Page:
Banks have been accused of overcharging small customers for their Forex services. ECB papers can be up to 25 times higher than those of bigger clients. Hedging rates can be over 25 times higher when compared to those who have much bigger clients. This opinion has been shared on Twitter and it is going to have detrimental consequences to say the least.
Banks across Europe can earn hundreds of millions every single year by overcharging small and corporate companies. This is according to a new paper which has been done by the opaque world of Forex derivatives. It supports anecdotal evidence that appears to show that smaller and more corporate clients seem to pay much higher rates for protection against the fluctuating exchange rates. In some cases, these can be way over 25 times higher than those customers who are somewhat more sophisticated. The elephant in the room is that banks are overcharging clients who do not have any experience in trading currency. This opinion was formed by Harald Hau who is a professor over at the Geneva School of Economics. The study interviewed half a million contracts who are locked into an exchange rate. This is going to be paid in the near future and it would appear that the pair is going to be affected too. A lot of the deals were actually arranged privately, and this is going to be done between over 200 banks too. This is going to affect 10,000 clients and this ranges from multinationals to the smaller import companies. It is the equivalent of walking into a car dealership and paying over 50,000 euros for a car that anyone else can buy for 5,000 euros. The leader of the study has also stated the findings from the study were somewhat stark. Banks are collecting well over 638 million euros a year (on average). This is the result of a discriminatory pricing for the euro and dollar contract. A lot of corporate clients are paying 0.5 percent on any contract. The bigger companies however are paying 2bp. The price discrimination occurs systematically, and mandated banks are now having to report details of their trades to any regulators.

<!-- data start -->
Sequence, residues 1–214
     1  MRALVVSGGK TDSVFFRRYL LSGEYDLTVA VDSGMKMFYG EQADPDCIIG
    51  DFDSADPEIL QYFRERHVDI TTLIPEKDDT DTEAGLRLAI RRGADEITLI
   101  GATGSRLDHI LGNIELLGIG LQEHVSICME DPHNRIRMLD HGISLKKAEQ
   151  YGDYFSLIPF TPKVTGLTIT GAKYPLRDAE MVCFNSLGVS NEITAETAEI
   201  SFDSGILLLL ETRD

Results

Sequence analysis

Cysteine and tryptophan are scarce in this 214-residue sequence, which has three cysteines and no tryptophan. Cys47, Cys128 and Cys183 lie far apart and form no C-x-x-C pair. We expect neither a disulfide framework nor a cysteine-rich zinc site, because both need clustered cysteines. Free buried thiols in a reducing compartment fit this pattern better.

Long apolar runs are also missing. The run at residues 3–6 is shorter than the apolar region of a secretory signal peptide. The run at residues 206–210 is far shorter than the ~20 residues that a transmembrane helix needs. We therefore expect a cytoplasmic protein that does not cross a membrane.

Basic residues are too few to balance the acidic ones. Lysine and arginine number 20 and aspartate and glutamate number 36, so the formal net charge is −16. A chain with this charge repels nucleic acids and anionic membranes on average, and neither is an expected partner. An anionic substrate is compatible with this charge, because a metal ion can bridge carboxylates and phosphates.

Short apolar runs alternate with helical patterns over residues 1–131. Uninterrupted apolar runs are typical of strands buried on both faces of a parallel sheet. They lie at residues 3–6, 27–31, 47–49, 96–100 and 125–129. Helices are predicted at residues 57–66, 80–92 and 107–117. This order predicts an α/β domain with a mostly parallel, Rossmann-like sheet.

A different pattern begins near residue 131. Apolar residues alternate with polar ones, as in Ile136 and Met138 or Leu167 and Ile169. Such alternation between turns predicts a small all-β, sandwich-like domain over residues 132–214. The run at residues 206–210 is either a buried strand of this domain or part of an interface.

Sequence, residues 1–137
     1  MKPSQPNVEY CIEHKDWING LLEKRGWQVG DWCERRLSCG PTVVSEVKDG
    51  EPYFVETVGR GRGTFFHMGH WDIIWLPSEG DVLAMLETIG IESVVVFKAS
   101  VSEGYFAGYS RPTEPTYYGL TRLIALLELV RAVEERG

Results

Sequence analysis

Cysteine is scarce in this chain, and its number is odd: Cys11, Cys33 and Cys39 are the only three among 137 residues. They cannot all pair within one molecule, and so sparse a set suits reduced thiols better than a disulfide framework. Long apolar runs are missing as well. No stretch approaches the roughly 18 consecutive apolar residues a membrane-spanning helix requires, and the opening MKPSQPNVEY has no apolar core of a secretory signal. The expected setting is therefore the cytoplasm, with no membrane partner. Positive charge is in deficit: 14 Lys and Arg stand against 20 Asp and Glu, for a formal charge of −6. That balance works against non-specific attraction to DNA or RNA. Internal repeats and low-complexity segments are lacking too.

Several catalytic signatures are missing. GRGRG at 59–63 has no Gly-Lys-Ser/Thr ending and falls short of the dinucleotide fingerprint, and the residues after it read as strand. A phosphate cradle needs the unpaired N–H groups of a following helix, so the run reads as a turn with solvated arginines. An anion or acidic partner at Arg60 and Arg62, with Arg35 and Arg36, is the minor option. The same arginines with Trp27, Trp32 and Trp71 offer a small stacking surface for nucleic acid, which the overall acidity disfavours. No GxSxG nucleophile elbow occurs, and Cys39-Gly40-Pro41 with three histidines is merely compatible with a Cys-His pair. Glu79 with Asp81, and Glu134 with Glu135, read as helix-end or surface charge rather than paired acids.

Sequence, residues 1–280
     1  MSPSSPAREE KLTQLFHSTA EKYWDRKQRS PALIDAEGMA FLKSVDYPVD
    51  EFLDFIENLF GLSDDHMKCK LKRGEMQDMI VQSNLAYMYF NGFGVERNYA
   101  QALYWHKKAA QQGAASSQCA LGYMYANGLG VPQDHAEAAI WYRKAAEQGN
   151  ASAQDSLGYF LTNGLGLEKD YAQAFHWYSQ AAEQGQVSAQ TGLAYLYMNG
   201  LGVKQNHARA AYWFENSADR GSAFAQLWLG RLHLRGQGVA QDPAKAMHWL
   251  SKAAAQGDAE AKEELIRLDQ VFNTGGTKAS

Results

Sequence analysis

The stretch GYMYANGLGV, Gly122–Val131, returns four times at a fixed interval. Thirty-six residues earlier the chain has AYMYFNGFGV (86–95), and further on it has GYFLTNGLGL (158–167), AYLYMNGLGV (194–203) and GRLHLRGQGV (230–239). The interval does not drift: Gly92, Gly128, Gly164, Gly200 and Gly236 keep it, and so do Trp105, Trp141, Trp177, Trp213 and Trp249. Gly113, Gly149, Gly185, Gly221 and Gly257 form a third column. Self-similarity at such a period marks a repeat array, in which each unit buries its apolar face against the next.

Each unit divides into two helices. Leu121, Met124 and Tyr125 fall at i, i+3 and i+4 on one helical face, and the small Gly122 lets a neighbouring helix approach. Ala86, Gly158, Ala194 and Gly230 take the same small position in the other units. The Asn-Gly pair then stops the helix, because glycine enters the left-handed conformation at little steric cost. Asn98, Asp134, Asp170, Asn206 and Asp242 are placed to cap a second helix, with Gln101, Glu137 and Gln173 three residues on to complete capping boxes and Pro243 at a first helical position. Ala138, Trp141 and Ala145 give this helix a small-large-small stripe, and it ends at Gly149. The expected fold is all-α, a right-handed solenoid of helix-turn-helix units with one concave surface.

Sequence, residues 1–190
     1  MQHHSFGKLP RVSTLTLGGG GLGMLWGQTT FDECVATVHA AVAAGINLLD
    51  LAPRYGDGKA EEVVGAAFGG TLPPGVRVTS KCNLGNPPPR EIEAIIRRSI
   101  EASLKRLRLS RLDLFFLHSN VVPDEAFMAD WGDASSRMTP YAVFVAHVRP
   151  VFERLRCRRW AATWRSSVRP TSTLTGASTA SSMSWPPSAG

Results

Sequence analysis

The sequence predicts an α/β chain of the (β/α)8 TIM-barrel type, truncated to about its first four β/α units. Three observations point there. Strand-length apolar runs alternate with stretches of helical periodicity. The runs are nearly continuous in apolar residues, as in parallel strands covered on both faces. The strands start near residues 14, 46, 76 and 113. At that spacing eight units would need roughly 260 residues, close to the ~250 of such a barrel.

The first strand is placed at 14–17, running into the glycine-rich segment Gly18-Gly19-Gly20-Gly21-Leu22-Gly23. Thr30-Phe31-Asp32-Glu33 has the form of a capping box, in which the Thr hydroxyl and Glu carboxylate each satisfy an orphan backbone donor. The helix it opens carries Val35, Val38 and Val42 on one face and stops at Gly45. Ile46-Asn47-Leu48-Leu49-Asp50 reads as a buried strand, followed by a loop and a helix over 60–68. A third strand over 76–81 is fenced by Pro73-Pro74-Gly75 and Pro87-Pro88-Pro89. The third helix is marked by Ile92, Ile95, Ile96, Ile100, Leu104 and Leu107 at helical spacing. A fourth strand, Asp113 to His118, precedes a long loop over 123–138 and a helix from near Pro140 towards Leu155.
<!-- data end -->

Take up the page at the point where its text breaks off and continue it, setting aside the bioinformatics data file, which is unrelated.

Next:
The paper is going to be based on the new and even updated version of the findings that happened to be published in the year 2017. Banks have argued that there isn’t much difference between the lengths of the contracts. The rates do tend to be determined by the bank’s own perception of the client’s expertise across all of the transactions. Dealers have also claimed that the contract customization gives people the chance to account for hedging too. Even so, the price difference has been noted that small companies choose to take the risk even though currencies may move against them. They choose not to pay the high price of buying any kind of protection. Out of the 10,000 plus companies who were involved in the study, it is important to know that half of them traded with a single bank alone and that they paid way more than 14 times more when compared to companies who obtained quotes from 15 or more banks. The market right now is concentrated because there are 10 large dealers. They have a total share of 65% of the market and banks are also trying to resist efforts to make the market more transparent. They are trying to obtain additional disclosures and they are also trying to offer very little value to the people who they work with. Right now, it may be possible to measure the quality of the market for different purposes but right now, it’s important to be aware.